pishogue, piseog, pishrogue
// n. charm, spell, superstitious practice (e.g., puttin eggs in
haycocks, clothes on bushes, counting magpies, throwing salt over the
shoulder, etc.); anything connected with sorcery; a tall tale,
something untrue < Ir. piseog, pisreog; piseogaí n. one who practises
piseogs. ‘She was full of piseogs, like hanging a St. Brigid’s cross
near where she was doing the churning to ward off anyone stealing the
butter’, ‘He told me not to carry anything into the house over my left
shoulder in case of bad luck, but that’s only an old piseog!’;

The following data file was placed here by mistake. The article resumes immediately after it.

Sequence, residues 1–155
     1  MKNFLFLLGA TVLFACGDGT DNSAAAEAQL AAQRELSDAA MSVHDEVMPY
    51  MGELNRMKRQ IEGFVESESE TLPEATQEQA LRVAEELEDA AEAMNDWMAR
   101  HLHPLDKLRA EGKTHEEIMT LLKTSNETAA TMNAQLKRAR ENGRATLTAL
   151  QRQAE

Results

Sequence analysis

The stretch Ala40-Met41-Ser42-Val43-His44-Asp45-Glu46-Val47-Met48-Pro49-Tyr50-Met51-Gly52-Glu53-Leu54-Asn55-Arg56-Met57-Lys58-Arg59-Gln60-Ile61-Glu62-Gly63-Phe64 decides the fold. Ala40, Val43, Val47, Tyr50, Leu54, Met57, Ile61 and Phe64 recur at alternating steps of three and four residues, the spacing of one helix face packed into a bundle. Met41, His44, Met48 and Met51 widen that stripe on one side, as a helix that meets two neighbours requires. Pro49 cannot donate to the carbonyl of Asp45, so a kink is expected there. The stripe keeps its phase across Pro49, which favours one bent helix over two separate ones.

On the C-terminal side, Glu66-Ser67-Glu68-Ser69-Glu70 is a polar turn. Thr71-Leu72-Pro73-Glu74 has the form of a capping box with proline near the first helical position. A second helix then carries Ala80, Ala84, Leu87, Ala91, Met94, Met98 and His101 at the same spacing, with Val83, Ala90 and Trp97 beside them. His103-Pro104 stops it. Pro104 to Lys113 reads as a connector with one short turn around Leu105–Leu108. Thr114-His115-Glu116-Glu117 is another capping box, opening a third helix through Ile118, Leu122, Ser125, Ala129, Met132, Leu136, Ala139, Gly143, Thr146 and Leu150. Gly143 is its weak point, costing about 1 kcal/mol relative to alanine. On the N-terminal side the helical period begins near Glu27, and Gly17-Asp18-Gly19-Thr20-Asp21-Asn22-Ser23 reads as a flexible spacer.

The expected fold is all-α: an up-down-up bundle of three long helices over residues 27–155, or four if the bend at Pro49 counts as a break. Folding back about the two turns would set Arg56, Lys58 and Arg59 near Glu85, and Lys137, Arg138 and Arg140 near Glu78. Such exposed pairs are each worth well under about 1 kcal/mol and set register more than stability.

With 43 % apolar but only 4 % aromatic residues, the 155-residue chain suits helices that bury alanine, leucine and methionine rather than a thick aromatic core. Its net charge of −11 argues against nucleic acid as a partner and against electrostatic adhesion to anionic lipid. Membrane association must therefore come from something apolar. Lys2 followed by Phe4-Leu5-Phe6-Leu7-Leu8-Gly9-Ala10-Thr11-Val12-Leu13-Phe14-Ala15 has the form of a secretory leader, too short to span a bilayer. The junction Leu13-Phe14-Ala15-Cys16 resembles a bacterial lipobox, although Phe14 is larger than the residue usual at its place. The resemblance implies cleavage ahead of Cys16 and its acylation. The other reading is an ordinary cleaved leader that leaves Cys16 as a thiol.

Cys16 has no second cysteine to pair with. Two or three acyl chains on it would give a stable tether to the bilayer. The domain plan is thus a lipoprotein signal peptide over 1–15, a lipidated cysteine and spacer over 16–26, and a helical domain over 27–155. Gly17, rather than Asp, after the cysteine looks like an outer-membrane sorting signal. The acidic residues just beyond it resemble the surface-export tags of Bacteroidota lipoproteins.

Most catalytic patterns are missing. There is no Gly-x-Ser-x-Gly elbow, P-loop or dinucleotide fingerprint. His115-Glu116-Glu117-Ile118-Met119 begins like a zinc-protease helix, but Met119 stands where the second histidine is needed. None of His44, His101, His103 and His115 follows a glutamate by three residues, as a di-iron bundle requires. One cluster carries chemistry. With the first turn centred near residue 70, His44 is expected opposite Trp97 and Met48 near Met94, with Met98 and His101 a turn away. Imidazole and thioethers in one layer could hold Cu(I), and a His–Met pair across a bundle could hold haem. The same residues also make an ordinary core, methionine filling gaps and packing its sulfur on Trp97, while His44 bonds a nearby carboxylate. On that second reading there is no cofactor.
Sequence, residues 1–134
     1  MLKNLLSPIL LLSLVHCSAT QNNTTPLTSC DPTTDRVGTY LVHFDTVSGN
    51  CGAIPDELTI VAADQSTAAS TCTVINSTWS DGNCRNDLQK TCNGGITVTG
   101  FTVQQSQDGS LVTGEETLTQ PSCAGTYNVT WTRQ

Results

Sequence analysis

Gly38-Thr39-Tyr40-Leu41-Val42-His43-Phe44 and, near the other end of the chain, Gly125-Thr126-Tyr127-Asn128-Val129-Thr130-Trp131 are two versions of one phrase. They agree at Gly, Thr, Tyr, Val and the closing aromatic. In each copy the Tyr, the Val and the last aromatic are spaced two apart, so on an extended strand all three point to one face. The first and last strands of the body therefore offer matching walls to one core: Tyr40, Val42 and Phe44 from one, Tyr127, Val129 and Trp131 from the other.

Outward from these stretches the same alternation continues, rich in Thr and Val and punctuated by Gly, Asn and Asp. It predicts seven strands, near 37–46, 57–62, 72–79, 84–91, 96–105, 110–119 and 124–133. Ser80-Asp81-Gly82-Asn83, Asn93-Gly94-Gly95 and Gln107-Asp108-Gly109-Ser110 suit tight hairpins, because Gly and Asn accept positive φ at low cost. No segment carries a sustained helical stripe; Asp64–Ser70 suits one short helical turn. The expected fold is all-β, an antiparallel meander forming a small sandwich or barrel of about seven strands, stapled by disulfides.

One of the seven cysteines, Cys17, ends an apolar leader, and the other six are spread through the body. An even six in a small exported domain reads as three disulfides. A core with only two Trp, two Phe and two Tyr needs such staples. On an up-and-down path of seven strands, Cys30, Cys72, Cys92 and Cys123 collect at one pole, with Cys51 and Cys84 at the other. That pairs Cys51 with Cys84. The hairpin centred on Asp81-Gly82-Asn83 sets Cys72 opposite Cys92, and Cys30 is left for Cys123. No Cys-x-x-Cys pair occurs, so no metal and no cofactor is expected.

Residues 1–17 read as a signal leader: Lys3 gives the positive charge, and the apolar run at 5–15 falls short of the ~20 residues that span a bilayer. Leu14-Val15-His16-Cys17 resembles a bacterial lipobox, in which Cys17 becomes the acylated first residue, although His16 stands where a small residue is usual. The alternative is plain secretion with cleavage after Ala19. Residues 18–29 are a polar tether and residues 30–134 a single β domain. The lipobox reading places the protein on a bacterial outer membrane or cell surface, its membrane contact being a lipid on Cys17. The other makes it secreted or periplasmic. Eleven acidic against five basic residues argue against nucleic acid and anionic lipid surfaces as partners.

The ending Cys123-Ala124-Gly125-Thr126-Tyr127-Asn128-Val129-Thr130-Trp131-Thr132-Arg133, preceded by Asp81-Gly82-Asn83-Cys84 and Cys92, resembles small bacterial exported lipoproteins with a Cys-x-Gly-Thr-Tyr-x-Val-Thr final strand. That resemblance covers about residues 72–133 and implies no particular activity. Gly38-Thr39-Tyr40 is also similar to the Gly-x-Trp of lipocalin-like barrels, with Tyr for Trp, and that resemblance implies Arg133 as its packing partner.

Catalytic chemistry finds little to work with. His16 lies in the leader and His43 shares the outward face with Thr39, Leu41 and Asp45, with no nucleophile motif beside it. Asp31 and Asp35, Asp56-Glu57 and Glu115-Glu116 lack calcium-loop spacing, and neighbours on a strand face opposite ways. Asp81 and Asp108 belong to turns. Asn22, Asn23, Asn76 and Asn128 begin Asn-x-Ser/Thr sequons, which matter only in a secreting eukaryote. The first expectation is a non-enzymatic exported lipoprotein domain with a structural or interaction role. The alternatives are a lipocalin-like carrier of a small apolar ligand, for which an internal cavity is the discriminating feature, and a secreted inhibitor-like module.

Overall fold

Griffin, The Collegians, 104: “Mr. Enright’s dairyman, Bill Noonan
made a pishog, and took away our butter’ (a footnote explains: “A
mystic rite, by which one person is enabled to make a supernatural
transfer of his neighbour’s butter into his own churns. The failure
and diminution of butter at different times, from the poverty of the
cream, appears so unaccountable that the country people can only
attribute it to witchcraft”), Joyce, U., 319.25-26: “‘A pishogue, if
you know what that is’”.

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